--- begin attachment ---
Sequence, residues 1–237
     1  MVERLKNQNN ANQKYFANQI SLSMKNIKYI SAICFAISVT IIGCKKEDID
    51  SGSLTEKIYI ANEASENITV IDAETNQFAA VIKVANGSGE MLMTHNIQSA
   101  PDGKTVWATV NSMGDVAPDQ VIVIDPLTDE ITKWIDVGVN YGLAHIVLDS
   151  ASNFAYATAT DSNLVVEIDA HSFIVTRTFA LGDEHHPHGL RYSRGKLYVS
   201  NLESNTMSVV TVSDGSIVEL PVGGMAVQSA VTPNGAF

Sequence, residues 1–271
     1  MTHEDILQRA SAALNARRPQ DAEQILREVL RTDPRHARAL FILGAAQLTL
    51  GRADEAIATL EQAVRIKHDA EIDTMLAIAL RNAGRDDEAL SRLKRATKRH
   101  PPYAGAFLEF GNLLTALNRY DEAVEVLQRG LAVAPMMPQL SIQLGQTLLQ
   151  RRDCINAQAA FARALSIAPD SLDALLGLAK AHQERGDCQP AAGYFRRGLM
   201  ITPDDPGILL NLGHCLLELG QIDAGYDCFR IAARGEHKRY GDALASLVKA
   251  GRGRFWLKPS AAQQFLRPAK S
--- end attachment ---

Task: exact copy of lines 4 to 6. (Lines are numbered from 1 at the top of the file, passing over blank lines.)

   101  PDGKTVWATV NSMGDVAPDQ VIVIDPLTDE ITKWIDVGVN YGLAHIVLDS
   151  ASNFAYATAT DSNLVVEIDA HSFIVTRTFA LGDEHHPHGL RYSRGKLYVS
   201  NLESNTMSVV TVSDGSIVEL PVGGMAVQSA VTPNGAF